Who are your friends that live in Seattle? Which ones of those like the Seattle Seahawks? What restaurants have your friends gone to lately, and which ones have they liked the most? Where are the photos of my friends taken in Paris? Which ones have the most likes?
These are the questions that Facebook’s new “Graph Search” will answer.
At its Menlo Park headquarters, Facebook this morning unveiled the company’s newest feature at a big press event. It’s called “Graph Search,” a tool to help Facebook users search for things their friends have shared.
“Facebook’s mission is to make the world more open and connected,” reads the blog post announcement. “The main way we do this is by giving people the tools to map out their relationships with the people and things they care about. We call this map the graph. It’s big and constantly expanding with new people, content and connections. There are already more than a billion people, more than 240 billion photos and more than a trillion connections.
“Today we’re announcing a new way to navigate these connections and make them more useful. We’re calling it Graph Search, and it starts today with a limited preview, or beta.”
This is a huge recruiting, dating and exploring tool. You can now search for employees within companies and see who has held what positions. You can also search for something like “friends of friends who are single in Seattle.”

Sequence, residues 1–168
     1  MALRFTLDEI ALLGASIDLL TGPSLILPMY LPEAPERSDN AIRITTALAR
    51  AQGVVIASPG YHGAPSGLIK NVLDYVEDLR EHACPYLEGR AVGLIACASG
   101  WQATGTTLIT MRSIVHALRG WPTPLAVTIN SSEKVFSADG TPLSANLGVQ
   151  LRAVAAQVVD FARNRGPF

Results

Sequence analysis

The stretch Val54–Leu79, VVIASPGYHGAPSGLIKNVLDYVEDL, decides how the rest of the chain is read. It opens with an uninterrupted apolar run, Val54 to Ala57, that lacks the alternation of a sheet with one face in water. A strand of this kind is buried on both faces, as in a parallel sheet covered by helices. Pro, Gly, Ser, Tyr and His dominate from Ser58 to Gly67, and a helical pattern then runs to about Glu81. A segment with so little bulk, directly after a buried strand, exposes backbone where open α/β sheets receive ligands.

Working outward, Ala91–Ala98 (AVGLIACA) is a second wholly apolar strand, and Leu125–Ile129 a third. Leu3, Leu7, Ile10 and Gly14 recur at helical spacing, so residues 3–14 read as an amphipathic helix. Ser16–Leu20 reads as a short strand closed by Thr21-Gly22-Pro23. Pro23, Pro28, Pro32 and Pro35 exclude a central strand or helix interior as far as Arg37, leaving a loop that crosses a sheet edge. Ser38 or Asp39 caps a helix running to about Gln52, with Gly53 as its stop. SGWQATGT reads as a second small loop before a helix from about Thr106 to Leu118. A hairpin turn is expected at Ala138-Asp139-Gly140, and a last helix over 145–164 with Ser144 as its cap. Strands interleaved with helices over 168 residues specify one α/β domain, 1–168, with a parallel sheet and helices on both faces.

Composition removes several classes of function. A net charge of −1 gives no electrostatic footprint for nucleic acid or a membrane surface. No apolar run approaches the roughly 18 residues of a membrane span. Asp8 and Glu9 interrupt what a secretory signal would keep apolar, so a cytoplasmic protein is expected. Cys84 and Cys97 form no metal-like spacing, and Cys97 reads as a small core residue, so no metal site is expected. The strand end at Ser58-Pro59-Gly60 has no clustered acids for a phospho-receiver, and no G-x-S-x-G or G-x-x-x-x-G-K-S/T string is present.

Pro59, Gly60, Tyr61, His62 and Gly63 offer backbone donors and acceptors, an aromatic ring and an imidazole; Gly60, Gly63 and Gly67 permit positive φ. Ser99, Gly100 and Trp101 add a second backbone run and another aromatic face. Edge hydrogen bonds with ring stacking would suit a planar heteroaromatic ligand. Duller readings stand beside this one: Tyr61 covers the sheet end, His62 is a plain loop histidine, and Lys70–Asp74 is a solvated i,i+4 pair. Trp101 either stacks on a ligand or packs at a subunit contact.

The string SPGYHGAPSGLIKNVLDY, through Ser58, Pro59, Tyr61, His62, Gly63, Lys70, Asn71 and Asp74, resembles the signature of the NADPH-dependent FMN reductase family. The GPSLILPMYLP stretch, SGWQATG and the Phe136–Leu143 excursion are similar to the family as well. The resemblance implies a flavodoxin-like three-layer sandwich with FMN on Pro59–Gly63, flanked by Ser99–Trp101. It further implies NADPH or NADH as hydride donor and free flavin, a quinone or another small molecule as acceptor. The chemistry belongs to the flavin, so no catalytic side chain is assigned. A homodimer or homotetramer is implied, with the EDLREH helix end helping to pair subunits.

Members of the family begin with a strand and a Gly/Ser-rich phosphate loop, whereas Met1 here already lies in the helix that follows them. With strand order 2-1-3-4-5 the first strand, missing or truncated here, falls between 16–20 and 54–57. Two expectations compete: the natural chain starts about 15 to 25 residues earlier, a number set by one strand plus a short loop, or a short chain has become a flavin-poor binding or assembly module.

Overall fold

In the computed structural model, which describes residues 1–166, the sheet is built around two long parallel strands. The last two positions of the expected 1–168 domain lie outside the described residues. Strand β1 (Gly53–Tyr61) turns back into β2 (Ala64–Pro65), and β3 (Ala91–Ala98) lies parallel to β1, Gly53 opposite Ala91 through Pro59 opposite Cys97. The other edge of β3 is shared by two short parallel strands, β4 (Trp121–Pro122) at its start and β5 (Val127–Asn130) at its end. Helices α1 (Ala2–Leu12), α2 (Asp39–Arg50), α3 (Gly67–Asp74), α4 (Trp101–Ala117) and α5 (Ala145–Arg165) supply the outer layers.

Users can also search for things like “friends in Seattle who like trail running” to find new exercise buddies. This pattern applies to just about anything, whether it’s finding friends who share similar interests or products/services that friends like the most.
“Graph Search and web search are very different,” writes Facebook. “Web search is designed to take a set of keywords (for example: “hip hop”) and provide the best possible results that match those keywords. With Graph Search you combine phrases (for example: “my friends in New York who like Jay-Z”) to get that set of people, places, photos or other content that’s been shared on Facebook. We believe they have very different uses.”
When your search doesn’t produce any Facebook results, Bing will be there to help. Microsoft and Facebook have partnered to provide Bing web results if you come up empty with Graph search. Read more about that here.
Another cool aspect: You can take a trip down memory lane and search for pictures of your friends taken before a specified date.
It’s also a powerful tool for journalists to find sources of information, as outlined here in another Facebook blog post.
Facebook has kept privacy a priority with this new feature, as you can only search for content that has been shared with you.
Several engineers from Facebook’s Seattle office were also working on this. Li-Tal Mashiach and Jason Brewer, two engineers from the Seattle office, spent almost a year focused on different aspects of the Graph Search product and they posted their own blog about the experience.
“Not only did we have to build out a search tool that understood real phrases—“people who live near me,” or “my friends of friends who like skiing”—but we also had to index and rank the social graph,” Mashiach and Brewer wrote. “They put out a call for help, and Seattle jumped in.”
The Seattle engineers worked in coordination with Menlo Park and made a couple trips there to collaborate with the team in person. ”The whole thing was surprisingly seamless,” they wrote.
Reach staff reporter Taylor Soper at email@example.com or on Twitter @Taylor_Soper